Three types of fatty acids are found in Omega 3
- EPA(Eicosapentaenoic Acids)
- DHA(Docosahexaenoic Acids)
- ALA (Alpha-Linolenic Acid)
Both EPA and DHA are considered highly significant from a dietary perspective.
While ALA can be derived from several commonly eaten plant sources, the human body cannot obtain EPA and DHA from plants. Therefore, we must bank upon marine fish, seafood, and fish oil to obtain and maintain these fatty acids in the required quantity through our diet.
Even though the human body can convert some of the ALA into DHA and EPA, this is a limited process, and the quantity is not enough to meet the body’s requirements. Therefore, we must get them from the foods we eat.
Both EPA and DHA can be obtained from fatty fish, seafood, and fish oil. Marine algae are said to be the richest source of EPA and DHA, which in turn is consumed by marine fish, making them an excellent source for human consumption.
However, consuming fish daily or even three to four times a week is not practically possible for most people. That is why most people depend upon high-quality Omega-3 dietary supplements and fish oil capsules to meet their required amounts of these fatty acids.
What makes the EPA and DHA so important for the body that they must be consumed daily?
Well, EPA has been scientifically proven to reduce inflammation in the body and is found effective against certain medical conditions, especially depression. It also offers cardiovascular benefits and affects the clotting of blood in the body. On the other hand, DHA forms the structural component in cell membranes in the brain and eyes. It positively impacts nerve signalling in the brain and the visual quality of the eyes.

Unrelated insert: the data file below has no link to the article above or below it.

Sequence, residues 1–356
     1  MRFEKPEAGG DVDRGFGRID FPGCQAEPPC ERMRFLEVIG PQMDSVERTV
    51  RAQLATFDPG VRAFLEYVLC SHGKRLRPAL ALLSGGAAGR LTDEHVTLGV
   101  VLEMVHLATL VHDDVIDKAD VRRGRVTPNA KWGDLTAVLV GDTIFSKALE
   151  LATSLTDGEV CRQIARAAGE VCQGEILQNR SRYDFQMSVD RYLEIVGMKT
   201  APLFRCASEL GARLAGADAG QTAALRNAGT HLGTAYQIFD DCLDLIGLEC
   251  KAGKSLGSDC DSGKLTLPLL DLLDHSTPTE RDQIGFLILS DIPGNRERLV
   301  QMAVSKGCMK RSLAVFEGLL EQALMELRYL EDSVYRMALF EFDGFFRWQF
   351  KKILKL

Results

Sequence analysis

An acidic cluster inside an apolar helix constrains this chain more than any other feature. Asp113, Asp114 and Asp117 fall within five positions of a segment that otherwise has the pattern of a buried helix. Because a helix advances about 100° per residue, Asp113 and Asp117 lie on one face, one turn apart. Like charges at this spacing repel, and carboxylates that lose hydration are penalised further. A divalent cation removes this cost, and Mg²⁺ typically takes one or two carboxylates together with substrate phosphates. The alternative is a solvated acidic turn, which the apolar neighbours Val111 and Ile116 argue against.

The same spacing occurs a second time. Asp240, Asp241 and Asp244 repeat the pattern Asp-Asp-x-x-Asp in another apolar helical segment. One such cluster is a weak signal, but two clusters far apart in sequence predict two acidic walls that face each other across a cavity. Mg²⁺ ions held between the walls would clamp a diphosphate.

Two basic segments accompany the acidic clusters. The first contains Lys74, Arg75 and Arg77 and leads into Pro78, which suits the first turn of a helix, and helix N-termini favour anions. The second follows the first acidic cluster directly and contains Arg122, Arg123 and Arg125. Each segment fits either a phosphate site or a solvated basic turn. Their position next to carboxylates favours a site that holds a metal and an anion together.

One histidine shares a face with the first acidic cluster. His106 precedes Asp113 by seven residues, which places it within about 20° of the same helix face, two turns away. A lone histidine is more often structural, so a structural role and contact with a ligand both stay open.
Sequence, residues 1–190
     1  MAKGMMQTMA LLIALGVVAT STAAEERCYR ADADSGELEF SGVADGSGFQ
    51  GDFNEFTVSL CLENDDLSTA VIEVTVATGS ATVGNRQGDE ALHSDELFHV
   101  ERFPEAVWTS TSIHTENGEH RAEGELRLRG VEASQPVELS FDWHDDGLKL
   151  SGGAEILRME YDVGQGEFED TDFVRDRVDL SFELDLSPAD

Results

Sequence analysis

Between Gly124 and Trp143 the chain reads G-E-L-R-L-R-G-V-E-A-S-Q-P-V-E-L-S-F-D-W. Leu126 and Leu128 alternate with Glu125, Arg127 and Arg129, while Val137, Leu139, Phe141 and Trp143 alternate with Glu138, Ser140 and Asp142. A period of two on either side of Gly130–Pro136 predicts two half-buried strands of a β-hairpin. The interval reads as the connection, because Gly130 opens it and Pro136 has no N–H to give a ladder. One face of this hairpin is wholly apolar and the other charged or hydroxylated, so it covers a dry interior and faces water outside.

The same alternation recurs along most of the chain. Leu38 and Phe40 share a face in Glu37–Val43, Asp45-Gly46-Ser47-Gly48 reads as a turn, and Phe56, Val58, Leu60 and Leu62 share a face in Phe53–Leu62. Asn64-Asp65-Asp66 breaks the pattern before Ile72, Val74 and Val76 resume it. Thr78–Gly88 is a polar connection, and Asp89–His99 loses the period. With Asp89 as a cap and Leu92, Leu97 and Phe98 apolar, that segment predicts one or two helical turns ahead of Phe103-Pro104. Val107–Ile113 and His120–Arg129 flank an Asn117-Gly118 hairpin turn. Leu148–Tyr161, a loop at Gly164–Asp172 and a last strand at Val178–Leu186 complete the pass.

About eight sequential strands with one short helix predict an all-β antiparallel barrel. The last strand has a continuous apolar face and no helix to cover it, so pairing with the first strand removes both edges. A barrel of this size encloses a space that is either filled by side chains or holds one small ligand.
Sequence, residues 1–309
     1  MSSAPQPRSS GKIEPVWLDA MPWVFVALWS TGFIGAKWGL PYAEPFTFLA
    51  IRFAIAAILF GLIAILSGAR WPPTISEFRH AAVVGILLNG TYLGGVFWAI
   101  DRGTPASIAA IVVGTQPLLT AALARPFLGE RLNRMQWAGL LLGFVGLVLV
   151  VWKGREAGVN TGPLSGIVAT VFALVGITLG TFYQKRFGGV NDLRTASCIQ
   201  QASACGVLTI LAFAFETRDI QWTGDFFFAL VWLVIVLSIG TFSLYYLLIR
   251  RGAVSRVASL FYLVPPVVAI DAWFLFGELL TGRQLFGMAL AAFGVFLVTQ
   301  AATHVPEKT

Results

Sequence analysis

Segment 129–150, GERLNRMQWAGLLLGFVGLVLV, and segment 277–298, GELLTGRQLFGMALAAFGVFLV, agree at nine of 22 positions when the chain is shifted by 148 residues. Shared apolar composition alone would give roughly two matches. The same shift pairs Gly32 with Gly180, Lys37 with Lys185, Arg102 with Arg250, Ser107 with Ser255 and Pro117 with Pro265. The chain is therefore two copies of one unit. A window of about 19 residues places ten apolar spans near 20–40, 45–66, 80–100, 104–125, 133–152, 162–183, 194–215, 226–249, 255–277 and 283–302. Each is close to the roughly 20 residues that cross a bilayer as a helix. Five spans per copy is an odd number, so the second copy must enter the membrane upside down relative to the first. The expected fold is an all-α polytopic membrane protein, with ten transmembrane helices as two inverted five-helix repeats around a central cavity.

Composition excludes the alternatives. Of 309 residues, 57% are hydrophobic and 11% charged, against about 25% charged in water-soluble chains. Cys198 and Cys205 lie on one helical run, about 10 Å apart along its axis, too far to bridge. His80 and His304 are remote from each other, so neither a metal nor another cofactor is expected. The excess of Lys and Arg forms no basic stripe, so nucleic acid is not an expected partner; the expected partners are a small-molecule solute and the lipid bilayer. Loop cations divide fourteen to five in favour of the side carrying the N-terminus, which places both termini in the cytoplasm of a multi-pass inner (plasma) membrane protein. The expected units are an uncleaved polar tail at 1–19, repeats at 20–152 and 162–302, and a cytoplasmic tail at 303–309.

DHA is also crucial for the overall development of the nervous system, and its deficiency is known to affect cognitive development and vision. It is also very helpful during pregnancy as it strengthens brain function and helps meet the fetus’s developmental milestones. Breast milk contains significant amounts of DHA, depending on the mother’s intake, and is therefore highly nourishing for the infant, ensuring normal cognitive growth during the first two years after birth.